Smoke grenades are another option for using smoke art, but the smell isn’t as pleasant. You also should use these outdoors.
Don’t forget about dry ice! Remember at Halloween when mom would make her witch’s brew? Dry ice was center stage, creating the smoky effect.
Mix water with the dry ice and let the thick smoke float. One note, don’t handle dry ice with your bare hands. Be sure you have thick rubber gloves on. The freezing temperature dry ice is at, touching with your bare hands will cause severe burns.
Background Options for Smoke Photography
Unlike nature photography, smoke art is best with a white or black background. In nature photography, trees, water, the sun are typical subjects in your image. In smoke art, a black or white background and the smoke is your muse.
It reduces light bouncing in your image, giving you a sharper, focused photo. Light is essential, don’t get me wrong. We will discuss light in a few minutes. The dark area ensures you will have proper capture of the smoke. Additionally, post-processing won’t be as time-consuming due to solid background.
A portable light is a must-have in smoke art photography. Illuminating the smoke and experimenting with different levels of light changes the outcome. Other types of light sources are also fun to experiment with as well. A small torch or lamp may be enough for this purpose.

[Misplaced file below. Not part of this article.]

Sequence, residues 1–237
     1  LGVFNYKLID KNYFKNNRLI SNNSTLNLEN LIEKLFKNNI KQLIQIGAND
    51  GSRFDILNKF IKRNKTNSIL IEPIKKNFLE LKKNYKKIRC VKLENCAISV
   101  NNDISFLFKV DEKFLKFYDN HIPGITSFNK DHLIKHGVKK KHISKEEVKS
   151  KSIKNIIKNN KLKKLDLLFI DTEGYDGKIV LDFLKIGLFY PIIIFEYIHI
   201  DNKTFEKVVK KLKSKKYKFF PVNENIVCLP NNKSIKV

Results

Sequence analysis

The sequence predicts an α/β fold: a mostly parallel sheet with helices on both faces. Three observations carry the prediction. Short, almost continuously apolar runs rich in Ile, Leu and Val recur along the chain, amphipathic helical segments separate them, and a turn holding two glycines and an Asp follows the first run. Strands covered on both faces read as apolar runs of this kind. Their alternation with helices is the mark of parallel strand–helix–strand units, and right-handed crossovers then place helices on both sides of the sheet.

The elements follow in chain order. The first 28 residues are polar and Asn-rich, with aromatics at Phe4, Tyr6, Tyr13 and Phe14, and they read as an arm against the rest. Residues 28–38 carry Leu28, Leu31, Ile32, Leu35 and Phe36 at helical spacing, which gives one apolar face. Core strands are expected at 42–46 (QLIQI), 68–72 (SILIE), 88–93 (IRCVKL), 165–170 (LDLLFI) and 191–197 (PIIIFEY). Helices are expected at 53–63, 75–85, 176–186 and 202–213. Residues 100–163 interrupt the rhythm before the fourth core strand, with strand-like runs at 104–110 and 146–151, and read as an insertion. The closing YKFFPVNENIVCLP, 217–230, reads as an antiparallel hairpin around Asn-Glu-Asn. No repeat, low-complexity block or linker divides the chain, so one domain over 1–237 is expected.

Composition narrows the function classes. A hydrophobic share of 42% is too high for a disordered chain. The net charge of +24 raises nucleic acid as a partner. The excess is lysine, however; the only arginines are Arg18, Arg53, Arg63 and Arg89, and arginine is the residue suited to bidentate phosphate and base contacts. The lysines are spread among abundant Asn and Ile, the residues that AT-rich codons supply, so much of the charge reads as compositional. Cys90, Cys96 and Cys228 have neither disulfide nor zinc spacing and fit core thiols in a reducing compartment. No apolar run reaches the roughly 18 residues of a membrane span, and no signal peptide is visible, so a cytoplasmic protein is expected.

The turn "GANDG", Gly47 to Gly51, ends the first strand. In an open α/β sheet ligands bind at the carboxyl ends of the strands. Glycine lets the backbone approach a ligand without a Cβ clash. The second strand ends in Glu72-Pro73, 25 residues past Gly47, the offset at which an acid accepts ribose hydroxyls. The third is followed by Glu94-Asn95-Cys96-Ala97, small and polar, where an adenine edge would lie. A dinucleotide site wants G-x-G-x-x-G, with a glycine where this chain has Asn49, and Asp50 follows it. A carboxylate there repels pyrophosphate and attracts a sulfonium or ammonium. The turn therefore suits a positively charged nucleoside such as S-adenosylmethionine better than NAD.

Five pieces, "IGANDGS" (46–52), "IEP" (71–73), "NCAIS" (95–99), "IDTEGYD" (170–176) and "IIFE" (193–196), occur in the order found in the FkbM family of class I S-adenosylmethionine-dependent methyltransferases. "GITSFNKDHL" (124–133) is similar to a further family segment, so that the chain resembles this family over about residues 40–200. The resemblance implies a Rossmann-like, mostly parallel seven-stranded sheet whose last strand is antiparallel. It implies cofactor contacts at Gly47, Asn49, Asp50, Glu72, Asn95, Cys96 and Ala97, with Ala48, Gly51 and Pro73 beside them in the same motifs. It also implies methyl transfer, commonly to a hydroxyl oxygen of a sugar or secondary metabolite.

You can use your iPhone flashlight, or you can get a Lume Cube. This cube gives you more control over the brightness levels and quality of light. With the Lume Cube, you can also create colored light thanks to the included gels. So exciting!
What about using the flash from your camera? This isn’t the best option as it can overexpose the smoke. It can make it disappear as the image will be too bright.
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While using a tripod is not a rule, having one eliminates shaky images. You don’t chance of losing a great photo due to image blur. You can check these fantastic tripods under $200 I’ve reviewed.
Reflectors are not a must either. It does allow for more light to hit the smoke, leading to some special effects. If you need to add more light, you can set reflectors in a triangle shape around the smoke. Doing so can bounce light around and give you an exciting image.
One vital aspect of smoke photography is to make sure you have good ventilation. Not only is this important for the quality of your images, but it’s also a safety concern. Smoke can fill up space in a few minutes, and the more smoke there is in the room, the lower the quality of the photograph. Airing the room out from time to time works wonders.
Lighting in Smoke Art Photography
Ambient light in smoke photography is as important as the smoke! Don’t forget the black background.
Lighting can make or break smoke art photography. If you don’t set up your lights in such a flattering way, viewers might not perceive smoke by itself. It is possible to diffuse various hues with appropriate lighting. This adds a sense of character to the smoke that can be wild!